AB - The pathophysiology of neurally mediated syncope is poorly understood. It has been widely assumed that excessive sympathetic activation in a setting of left ventricular hypovolemia stimulates ventricular afferents that trigger hypotension and bradycardia. We tested this hypothesis by determining if excessive sympathetic activation precedes development of neurally mediated syncope, and if this correlates with alterations in baroreflex function. We studied the changes in intraarterial blood pressure (BP), heart rate (HR), central venous pressure (CVP), muscle sympathetic nerve activity (MSNA), and plasma catecholamines evoked by upright tilt in recurrent neurally mediated syncope patients (SYN, 5±1 episodes/mo, n = 14), age- and sex-matched controls (CON, n = 23), and in healthy subjects who consistently experienced syncope during tilt (FS+, n = 20). Baroreflex responses were evaluated from changes in HR, BP, and MSNA that were obtained after infusions of phenylephrine and sodium nitroprusside. Compared to CON, patients with SYN had blunted increases in MSNA at low tilt levels, followed by a progressive decrease and ultimately complete disappearance of MSNA with syncope. SYN patients also had attenuation of norepinephrine increases and lower baroreflex slope sensitivity, both during tilt and after pharmacologic testing. FS+ subjects had the largest decrease in CVP with tilt and had significant increases in MSNA and heart rate baroreflex slopes. These data challenge the view that excessive generalized sympathetic activation is the precursor of the hemodynamic abnormality underlying recurrent neurally mediated syncope.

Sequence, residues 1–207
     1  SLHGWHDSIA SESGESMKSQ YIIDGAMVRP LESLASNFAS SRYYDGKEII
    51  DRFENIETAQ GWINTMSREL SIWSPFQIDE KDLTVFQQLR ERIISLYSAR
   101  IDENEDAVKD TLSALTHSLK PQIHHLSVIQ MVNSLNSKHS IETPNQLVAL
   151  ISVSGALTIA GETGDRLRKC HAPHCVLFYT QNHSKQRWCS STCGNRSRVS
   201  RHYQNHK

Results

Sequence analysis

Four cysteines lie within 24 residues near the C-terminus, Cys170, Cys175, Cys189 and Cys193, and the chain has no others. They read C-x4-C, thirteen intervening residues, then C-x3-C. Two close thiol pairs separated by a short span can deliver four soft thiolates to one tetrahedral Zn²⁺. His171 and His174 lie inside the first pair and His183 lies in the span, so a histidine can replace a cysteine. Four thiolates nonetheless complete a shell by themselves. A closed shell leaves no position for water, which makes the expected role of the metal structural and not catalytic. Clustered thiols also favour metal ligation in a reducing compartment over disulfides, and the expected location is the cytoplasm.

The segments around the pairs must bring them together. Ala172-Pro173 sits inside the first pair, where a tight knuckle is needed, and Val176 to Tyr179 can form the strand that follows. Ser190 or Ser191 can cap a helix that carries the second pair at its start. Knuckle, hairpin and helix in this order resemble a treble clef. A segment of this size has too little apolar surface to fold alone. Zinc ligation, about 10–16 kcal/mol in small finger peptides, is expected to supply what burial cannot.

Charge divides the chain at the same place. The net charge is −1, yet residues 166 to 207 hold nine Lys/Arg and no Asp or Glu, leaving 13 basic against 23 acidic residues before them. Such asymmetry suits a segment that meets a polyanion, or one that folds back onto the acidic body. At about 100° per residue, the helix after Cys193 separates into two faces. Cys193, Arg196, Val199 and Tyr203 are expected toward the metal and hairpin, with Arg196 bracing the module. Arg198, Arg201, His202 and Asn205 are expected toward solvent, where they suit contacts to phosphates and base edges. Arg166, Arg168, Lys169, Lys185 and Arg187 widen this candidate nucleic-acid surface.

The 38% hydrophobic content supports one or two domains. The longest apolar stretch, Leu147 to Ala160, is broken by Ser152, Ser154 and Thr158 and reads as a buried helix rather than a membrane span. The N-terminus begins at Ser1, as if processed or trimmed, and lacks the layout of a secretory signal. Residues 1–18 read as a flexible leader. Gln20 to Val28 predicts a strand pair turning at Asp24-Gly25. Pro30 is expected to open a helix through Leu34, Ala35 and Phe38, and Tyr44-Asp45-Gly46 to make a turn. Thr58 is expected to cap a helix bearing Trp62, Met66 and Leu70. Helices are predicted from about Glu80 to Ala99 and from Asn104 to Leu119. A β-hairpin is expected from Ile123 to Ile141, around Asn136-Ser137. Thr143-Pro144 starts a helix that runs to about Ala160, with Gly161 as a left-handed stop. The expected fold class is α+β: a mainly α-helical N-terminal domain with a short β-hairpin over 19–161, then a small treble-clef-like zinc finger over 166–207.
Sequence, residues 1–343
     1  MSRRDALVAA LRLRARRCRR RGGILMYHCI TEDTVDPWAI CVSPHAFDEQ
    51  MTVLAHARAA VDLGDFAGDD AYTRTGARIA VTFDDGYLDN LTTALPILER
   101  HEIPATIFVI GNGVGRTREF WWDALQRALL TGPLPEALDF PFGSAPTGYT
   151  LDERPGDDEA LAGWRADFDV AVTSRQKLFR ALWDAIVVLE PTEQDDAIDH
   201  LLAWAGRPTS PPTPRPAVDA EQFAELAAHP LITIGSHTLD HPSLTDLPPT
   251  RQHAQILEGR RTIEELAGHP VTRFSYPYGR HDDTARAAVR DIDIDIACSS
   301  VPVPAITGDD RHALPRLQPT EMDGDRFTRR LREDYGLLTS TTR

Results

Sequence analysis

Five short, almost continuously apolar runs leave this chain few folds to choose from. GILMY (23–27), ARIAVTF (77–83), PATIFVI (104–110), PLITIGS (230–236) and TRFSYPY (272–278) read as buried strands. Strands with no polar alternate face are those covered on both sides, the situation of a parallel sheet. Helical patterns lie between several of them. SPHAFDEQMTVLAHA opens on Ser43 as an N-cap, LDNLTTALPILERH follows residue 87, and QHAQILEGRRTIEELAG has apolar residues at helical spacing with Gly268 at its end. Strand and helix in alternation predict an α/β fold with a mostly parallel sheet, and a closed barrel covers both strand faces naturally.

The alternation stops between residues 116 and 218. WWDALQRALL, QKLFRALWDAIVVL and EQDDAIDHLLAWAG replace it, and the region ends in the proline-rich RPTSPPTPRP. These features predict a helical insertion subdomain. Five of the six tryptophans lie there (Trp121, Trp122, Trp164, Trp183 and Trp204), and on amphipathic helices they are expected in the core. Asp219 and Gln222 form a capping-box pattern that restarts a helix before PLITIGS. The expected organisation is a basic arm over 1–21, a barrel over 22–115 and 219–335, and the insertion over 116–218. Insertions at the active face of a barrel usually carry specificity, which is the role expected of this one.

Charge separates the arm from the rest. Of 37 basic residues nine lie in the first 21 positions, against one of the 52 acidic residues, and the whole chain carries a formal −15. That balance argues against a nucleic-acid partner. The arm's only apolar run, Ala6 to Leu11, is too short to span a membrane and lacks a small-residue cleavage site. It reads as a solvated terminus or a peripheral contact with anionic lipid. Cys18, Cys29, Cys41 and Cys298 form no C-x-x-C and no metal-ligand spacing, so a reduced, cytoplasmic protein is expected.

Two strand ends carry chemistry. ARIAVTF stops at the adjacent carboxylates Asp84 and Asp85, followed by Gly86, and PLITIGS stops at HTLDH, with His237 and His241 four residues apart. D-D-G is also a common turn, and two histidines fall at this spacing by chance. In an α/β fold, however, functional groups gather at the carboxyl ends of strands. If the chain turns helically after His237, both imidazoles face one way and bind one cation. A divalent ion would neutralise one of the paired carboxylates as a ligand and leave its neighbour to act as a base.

KW - Baroreflex

KW - Microneurography

KW - Neurocardiogenic syncope

KW - Tilt

KW - Vasovagal

UR - http://www.scopus.com/inward/record.url?scp=0031000274&partnerID=8YFLogxK

UR - http://www.scopus.com/inward/citedby.url?scp=0031000274&partnerID=8YFLogxK

M3 - Article

C2 - 9169504

AN - SCOPUS:0031000274

VL - 99

SP - 2736

EP - 2744

JO - Journal of Clinical Investigation

JF - Journal of Clinical Investigation

SN - 0021-9738

IS - 11

ER -